a The significance indicated is that of the interaction term, sex × stunting.
b Each of the seven ANCOVA models was evaluated at age 112·4 months. In four of the seven cases the covariate age term is significant.
Of the biochemical indices treated as dependent variables and shown in Table 6, only serum zinc was significantly influenced by stunting, with a significant two-way interaction between stunting and sex; stunted males had a significantly lower mean serum zinc than either stunted females or non-stunted males and females. The prevalence of low serum zinc concentrations indicative of zinc deficiency was higher among the male children (69 %, n 72) than the female children (55 %, n 47; P = 0·050, Fisher's exact test).
* Each of the six ANCOVA models was evaluated at approximately age 112 months, the exact age depending on the sample. In five of the six cases the interaction term sex × stunting is non-significant and there are no significant biochemical difference between the stunted and non-stunted children. Only in the case of serum zinc is the interaction term sex × stunting significant.
† Data for serum ferritin and urinary iodine based on log-transformed values.
The present results indicate that, of the rural NE Thai children in the present study, it was the stunted males who had the lowest mean serum zinc concentration (Table 6). The prevalence of low serum zinc concentrations, indicative of zinc deficiency, was also higher among the male children. Male children also formed a disproportionately high percentage of the stunted group; that is, nearly two-thirds of the group (Table 2). Several other studies have reported that males are more vulnerable to zinc deficiency than females (Smit-Vanderkooy & Gibson, Reference Smit-Vanderkooy and Gibson1987; Gibson et al. Reference Gibson, Heywood, Yaman, Sohström, Thompson and Heywood1991; Cavan et al. Reference Cavan, Gibson, Grazioso, Isalgue, Ruz and Solomons1993; Parnell et al. Reference Parnell, Scragg, Wilson, Schaaf and Fitzgerald2003), presumably because of a higher requirement for zinc. This may be partly due to a higher growth rate and greater proportion of muscle per kilogram body weight as muscle contains a higher content of zinc than fat (Hotz & Brown, Reference Hotz and Brown2004). Indeed, in several zinc supplementation trials, the zinc-supplemented males have shown a greater response in linear growth than their female counterparts (Walravens & Hambidge, Reference Walravens and Hambidge1976; Walravens et al. Reference Walravens, Krebs and Hambidge1983; Hambidge et al. Reference Hambidge, Krebs and Walravens1985; Castillo-Duran et al. Reference Castillo-Duran, Garcıa, Venegas, Torrealba, Panteon, Concha and Perez1994; Ruz et al. Reference Ruz, Castillon-Duran, Lara, Codoceo, Rebolledo and Atalah1997).
The onset of the pubertal growth spurt was probably not a significant confounder in the present study. Menarche had not commenced in any of the girls studied, and peak height velocity occurs later for boys than girls. Hence, it is likely that at the time of the present cross-sectional study, most of the boys had not experienced their pubescent growth spurt and associated increases in muscle mass (World Health Organization, 1995), especially as zinc deficiency delays secondary sexual maturation in boys (Hotz & Brown, Reference Hotz and Brown2004). The significant interaction observed in the covariance model between stunting and sex was independent of age (Table 5), suggesting that the relationships observed applied across the age range studied.
Impaired linear growth is a prominent feature of zinc deficiency among children in both developed and developing countries (Aggett, Reference Aggett1995; Hambidge, Reference Hambidge2000; Brown et al. Reference Brown, Peerson, Rivera and Allen2002). The present results demonstrate a significant and positive relationship between stunting among the male children of the study and serum zinc concentrations (Table 6). By contrast, no relationships were found between stunting among the male children and other biochemical indices of growth-limiting nutrients, such as serum albumin, log serum ferritin, serum transferrin receptor, serum retinol or urinary iodine concentrations (Table 6), suggesting that neither protein, iron, vitamin A nor iodine status was associated with the higher prevalence of stunting among the males, at the time period of the present study.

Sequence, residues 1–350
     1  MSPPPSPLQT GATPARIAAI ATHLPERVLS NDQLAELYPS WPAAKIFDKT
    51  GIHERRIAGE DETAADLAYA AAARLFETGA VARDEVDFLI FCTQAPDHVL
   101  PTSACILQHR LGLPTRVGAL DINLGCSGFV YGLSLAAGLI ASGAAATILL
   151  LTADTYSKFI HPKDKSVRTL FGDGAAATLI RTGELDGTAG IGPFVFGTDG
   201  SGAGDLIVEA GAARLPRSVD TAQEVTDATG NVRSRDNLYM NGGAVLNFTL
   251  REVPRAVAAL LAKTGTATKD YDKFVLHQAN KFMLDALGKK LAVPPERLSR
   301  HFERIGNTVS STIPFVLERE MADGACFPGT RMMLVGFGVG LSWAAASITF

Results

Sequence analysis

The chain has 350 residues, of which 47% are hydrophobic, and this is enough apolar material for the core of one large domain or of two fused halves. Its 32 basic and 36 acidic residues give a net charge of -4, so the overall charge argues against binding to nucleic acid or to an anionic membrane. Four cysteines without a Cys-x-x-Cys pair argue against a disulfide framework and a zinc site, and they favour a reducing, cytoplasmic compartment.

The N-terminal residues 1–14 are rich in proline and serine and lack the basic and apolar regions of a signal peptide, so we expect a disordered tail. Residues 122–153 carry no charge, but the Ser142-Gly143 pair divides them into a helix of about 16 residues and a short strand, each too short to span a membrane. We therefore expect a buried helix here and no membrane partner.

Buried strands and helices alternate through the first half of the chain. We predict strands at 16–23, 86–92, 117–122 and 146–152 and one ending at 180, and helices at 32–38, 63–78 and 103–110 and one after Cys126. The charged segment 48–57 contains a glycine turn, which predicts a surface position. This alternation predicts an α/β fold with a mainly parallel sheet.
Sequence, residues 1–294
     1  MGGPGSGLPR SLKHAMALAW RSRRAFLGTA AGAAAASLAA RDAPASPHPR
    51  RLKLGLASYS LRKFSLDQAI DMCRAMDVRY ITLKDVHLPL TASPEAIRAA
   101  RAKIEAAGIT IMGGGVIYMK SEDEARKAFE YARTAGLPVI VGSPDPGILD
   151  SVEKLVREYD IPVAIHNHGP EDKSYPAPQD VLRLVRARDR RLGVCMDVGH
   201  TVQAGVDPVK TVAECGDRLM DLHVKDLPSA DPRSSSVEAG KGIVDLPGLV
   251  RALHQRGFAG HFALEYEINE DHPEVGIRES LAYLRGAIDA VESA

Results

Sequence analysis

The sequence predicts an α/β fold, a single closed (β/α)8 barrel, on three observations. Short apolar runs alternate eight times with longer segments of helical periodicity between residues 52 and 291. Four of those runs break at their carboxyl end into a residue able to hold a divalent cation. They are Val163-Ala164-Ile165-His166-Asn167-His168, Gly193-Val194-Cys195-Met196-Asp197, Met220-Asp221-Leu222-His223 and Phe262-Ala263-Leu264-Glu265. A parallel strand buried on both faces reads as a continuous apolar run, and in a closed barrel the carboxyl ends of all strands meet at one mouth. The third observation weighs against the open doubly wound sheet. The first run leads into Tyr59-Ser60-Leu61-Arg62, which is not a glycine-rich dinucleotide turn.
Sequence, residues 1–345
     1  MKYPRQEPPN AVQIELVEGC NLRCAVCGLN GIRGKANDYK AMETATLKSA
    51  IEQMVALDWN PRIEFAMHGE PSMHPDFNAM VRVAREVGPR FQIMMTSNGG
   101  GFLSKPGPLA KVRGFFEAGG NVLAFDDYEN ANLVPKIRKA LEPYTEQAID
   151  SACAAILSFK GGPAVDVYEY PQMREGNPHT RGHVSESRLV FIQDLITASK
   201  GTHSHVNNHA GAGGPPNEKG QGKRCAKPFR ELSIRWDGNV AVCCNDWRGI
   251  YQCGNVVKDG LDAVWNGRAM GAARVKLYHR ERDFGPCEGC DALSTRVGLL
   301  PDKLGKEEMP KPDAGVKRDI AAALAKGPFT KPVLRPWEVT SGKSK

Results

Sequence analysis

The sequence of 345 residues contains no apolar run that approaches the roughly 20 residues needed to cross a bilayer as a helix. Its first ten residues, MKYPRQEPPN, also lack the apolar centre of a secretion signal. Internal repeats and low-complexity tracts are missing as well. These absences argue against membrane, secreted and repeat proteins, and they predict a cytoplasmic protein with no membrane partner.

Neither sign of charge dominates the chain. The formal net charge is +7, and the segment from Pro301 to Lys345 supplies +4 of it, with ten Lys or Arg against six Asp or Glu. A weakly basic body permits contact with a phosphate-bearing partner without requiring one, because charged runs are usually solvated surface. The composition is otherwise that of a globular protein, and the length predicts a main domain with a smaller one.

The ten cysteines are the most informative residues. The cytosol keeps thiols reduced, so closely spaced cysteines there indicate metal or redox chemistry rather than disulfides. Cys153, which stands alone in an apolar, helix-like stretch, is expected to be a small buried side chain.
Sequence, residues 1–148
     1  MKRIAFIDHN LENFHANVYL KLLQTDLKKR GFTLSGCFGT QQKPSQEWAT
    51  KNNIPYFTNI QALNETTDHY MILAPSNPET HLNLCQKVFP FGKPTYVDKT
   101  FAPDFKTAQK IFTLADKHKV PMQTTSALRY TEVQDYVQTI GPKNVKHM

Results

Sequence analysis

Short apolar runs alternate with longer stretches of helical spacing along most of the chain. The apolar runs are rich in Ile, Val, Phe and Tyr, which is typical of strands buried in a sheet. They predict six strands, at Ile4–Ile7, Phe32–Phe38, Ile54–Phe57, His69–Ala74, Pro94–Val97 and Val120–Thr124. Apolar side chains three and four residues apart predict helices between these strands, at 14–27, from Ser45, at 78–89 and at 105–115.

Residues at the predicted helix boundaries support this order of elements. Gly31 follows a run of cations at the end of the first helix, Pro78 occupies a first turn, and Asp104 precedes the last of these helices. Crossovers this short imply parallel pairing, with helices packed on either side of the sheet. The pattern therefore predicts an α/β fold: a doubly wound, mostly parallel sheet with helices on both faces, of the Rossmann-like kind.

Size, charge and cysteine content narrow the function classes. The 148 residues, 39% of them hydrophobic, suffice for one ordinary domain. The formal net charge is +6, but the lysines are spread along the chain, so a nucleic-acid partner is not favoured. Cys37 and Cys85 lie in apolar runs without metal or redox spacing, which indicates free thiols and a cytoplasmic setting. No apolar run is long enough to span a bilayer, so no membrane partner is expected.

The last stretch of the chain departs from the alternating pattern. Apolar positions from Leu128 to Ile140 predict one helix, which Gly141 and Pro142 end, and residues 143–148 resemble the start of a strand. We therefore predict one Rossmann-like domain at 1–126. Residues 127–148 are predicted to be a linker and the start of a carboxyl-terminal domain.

The existence of zinc deficiency among the NE Thai children was confirmed by a significant increase in serum zinc concentration among those children who participated in the RCT and received a school lunch containing a seasoning powder fortified with zinc (and vitamin A, iron and iodine) for 31 weeks, compared to those consuming an unfortified lunch (Winichagoon et al. Reference Winichagoon, McKenzie and Chavasit2006).
We also observed a striking feature of the dietary intakes of the male stunted children; their intakes of energy, protein and phosphorus were lower compared to the female stunted and the non-stunted children of both sexes, whereas their intakes of calcium and zinc were lower than those of their non-stunted counterparts (Table 5). It is possible that the low biochemical zinc status of these stunted males was responsible, at least in part, for the low dietary intakes. In some studies, poor appetite (Krebs et al. Reference Krebs, Hambidge and Walravens1984; Umeta et al. Reference Umeta, West, Haidar, Deurenberg and Hauvast2002) and impaired taste acuity (Hambidge et al. Reference Hambidge, Hambidge, Jacobs and Baum1972; Buzina et al. Reference Buzina, Jusic, Sapunar and Milanovic1983; Gibson et al. Reference Gibson, Smit-Vanderkooy, MacDonald, Goldman, Ryan and Berry1989; Cavan et al. Reference Cavan, Gibson, Grazioso, Isalgue, Ruz and Solomons1993) have been associated with mild zinc deficiency in children, which together, if present, could lead to a concomitant decrease in food intake, and thus deficits in energy and associated nutrients. An alternative hypothesis is to view the non-stunted male children as representing boys who are taller, with more muscle, larger appetites, and therefore higher food intakes. We prefer to view these non-stunted male children as ‘normal’, but their much higher energy and nutrient intakes are certainly a striking feature of the data presented in Table 5.